George Palmer – Working Man
2. Run For Cover
3. Come We Just A Come feat. Lion D
4. Legalize It
5. Love In The Dance
6. Ready To Love
7. Working Man feat. Solo Banton
8. That’s Life
9. Time Will Tell
10. Let Them Talk
So I get the request from my boss and wizard behind this magnificent website, Mr. T himself, to lend an ear to this cat straight outta Spain by the name of George Palmer. Admittedly I had never heard of the man, but what piqued my interest is when Mr. T described him as reminiscent of Horace Andy. I wrapped my head around such a proposition and immediately leaned towards the plus side of how I’d approach such a task. After all, the Skylarking crooner is nothing short of one of the most unique, influential, and iconic musicians to ever pick up a microphone, and any comparisons drawn to him are cause for closer scrutiny and an honest assessment of such analogizing. I always find it interesting when artists NOT from Jamaica attempt to show their deep affinity and love for the music, something entirely acceptable and not at all out of bounds from an artistic standpoint. You don’t necessarily have to be from yard to make amazing music, and in many cases garner accolades and acceptance by the biggest critics of all, the fans.
George Palmer provides us with his latest offering, “Working Man”, released on Irie Ites Records, the French studio and distributor behind releases from heavies like Sizzla, Barrington Levy, and Luciano. In good company just by association, the Basque Country, Spain representer from note one, validated to me the comparison to Horace Andy. “Africa” the album’s opener, finds Palmer extolling the virtues of the motherland over an original slow-burning track that sets the tone for his high-pitched delivery. Over the course of the next few tracks, he definitely makes himself comfortable in the classic roots and digital era lanes. He and Lion D, team up and pay homage to Barrington Levy’s “Here I Come” with their chune, “Come We Just A Come”. A nice effort, Palmer, unfortunately, gets outdone by Lion whose delivery suits the track a touch more appropriately. “Legalize It” an ode to… you guessed it, the ganjah plant, is fairly well done, and is boosted by great production on the track. It’s over the course of the next few cuts that he begins to lose a little steam. “Love In The Dance”, a SECOND nod to Barrington, completely mirrors Levy’s classic “Teach The Youth” down to the delivery and blurs the line between homage and straight biting. “That’s Life”, “Time Will Tell”, and the closer “Let Them Talk” all have that classic ’80s dancehall sound but fall apart like stale coco bread with what is not exactly the best writing I’ve ever heard. Perhaps the best cut on the album is the title track which is assisted by label mate Solo Banton. Clean and crisp, the replay value on this one is way high.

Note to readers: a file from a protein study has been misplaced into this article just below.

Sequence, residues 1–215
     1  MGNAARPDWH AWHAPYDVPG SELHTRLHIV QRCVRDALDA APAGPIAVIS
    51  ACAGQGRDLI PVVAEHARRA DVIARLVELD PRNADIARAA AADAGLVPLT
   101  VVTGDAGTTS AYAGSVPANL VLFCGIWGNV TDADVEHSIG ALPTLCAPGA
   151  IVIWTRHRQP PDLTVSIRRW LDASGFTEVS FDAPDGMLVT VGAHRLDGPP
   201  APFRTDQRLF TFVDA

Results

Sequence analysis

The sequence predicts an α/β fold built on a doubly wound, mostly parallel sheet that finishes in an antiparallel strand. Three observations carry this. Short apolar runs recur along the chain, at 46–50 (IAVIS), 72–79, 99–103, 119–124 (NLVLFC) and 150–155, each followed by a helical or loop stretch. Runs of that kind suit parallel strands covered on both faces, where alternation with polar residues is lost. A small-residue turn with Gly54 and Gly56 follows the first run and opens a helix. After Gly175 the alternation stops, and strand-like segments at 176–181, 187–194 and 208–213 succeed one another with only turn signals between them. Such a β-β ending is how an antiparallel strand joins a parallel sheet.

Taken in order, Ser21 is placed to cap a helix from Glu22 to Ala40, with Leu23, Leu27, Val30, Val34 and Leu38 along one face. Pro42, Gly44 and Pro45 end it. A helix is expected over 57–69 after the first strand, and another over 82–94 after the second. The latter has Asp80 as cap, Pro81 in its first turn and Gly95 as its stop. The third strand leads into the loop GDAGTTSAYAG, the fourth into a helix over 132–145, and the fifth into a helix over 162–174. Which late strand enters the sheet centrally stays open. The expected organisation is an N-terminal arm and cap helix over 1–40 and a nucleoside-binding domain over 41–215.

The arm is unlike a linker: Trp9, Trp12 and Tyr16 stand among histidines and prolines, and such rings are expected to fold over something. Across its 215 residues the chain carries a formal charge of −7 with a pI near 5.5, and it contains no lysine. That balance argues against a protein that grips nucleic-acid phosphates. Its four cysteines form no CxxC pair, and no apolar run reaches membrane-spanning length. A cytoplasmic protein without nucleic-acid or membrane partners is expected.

A Few Gems
Despite “Working Man’s” shortcomings, you can definitely appreciate the sentiment put forth by G.P. He’s most definitely in tune with the classic reggae sound and has a fantastic production team that provides the album’s solid musical landscape under which he worked. The album has a few gems, no doubt. Unfortunately, he happens to remind the listener all too well of just how amazing Horace Andy is. Palmer’s voice while in that high range that works so well for many of the legends (Pinchers, Mikey Dread, Eek A Mouse, etc) doesn’t have the staying power to last over the course of this whole project and starts to become more grating than compelling with each cut. Here’s hoping that he tightens up the writing and carves his own path in the game. If I could wish for a similar success story as one of my personal favorites, Italian reggae crooner, Alborosie, I’d like to see Palmer evolve, and put Spain firmly on the map with his future projects. ¡Mucha suerte mi juventud!